SCOTUS v. Congress

The point everyone seems to be missing about the current hearing in the Supreme Court, reconsidering Roe v. Wade, is that we’re asking SCOTUS to adjudicate a nationally-binding, controversial interpretation of conflicting state laws. It doesn’t matter what you think of the issue of abortion: CONGRESS is the problem in our system here, NOT SCOTUS. If Congress would DO ITS JOB and WRITE LEGISLATION to make national policy on the subject, we wouldn’t be putting the Supremes in an unwinnable political situation. CONGRESS is the governmental body where the debate should be had, and where the process of democracy should be working, yet they are sticking their hands in their pockets, whistling tunelessly, and looking at the ceiling while everyone vents their spleen about the political leanings of the Supremes.

Congress is only interested in passing endless “continuing resolutions” to play games with the tax rules, dole out money to special interests, and collect campaign finance contributions, none of which is actually visible to the public. Every law being written now is just some lobbyist putting his employer’s wishes down on paper, and Congressmen shuffling around to see which way they need to vote, and what favors they’ll have to do, in order to NOT aggravate their largest donors. This is why every election is now based on how much you hate what the OTHER guy SUPPOSEDLY stands for, when no one has any real idea what hardly any of them will ACTUALLY put their name to. Congress is completely captured by Big Business, and until we “fix” the Citizens United ruling, they will never again make actual social policy by legislating again. If you manage to get something you want from our government, just consider yourself lucky that your desires happened to line up with some large donor or corporate PAC.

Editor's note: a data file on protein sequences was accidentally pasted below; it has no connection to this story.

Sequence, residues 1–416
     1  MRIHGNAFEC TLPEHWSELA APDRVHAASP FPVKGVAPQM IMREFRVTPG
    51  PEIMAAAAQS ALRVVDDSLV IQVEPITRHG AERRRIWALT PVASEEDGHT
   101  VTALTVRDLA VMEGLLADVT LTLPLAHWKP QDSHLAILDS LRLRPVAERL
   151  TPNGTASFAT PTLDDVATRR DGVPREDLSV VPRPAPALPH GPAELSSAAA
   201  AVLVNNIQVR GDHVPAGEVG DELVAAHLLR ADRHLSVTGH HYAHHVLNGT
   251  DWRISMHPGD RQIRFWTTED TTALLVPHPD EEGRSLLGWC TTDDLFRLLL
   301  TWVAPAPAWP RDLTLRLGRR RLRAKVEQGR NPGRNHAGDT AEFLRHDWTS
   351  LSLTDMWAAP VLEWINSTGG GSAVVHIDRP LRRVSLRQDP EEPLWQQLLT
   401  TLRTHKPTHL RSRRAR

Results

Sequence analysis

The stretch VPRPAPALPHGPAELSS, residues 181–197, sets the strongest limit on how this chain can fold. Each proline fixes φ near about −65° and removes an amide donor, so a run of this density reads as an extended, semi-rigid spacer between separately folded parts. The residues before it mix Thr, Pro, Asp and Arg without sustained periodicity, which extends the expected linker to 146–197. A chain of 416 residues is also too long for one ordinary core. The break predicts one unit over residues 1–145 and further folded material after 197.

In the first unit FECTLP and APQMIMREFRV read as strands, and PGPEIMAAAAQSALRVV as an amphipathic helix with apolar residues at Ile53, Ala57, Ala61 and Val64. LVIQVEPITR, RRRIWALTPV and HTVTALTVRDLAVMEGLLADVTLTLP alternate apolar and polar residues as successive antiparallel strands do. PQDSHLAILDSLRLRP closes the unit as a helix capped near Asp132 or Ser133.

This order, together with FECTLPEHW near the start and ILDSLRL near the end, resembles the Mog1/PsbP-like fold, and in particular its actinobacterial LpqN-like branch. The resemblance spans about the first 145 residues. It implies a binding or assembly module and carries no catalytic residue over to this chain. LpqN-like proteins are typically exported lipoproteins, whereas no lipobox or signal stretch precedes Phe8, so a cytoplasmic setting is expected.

UPDATE: Someone on Twitter pointed out that the House has passed a bill, specifically to address the limitations of the recent, controversial Texas law, and pointed out astonishment how few people had heard about it. Indeed, that raises strange questions about why the media didn’t seem to do much to cover it.

Also, we were all (supposedly) educated in our public school system about the Senate filibuster, and how it was a strange loophole that’s been exploited for the entire history of the United States. It seems particularly silly, in these modern times, to block a vote by a 60% majority that could lead to passing a bill with a simple 51%, regardless of which party is in control of the body, or what law is being considered. I think it’s time to remove that parliamentary procedure once and for all.

Of course, it would be better if we repealed the 17th Amendment, and restored some semblance of States rights, as a check-and-balance to the Federal government — which the Founders envisioned, and wrote into The Constitution — but that matter was effectively settled when the Feds won the Civil War.

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